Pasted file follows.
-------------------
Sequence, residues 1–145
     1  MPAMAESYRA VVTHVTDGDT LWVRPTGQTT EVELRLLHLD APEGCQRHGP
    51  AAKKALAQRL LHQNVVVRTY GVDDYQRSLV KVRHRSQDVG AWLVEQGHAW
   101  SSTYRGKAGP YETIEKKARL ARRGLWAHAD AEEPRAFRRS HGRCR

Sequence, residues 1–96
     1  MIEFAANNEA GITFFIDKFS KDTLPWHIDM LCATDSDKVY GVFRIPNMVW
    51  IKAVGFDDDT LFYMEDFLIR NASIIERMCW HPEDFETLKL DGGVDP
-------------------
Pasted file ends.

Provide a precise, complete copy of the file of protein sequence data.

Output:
Sequence, residues 1–145
     1  MPAMAESYRA VVTHVTDGDT LWVRPTGQTT EVELRLLHLD APEGCQRHGP
    51  AAKKALAQRL LHQNVVVRTY GVDDYQRSLV KVRHRSQDVG AWLVEQGHAW
   101  SSTYRGKAGP YETIEKKARL ARRGLWAHAD AEEPRAFRRS HGRCR

Sequence, residues 1–96
     1  MIEFAANNEA GITFFIDKFS KDTLPWHIDM LCATDSDKVY GVFRIPNMVW
    51  IKAVGFDDDT LFYMEDFLIR NASIIERMCW HPEDFETLKL DGGVDP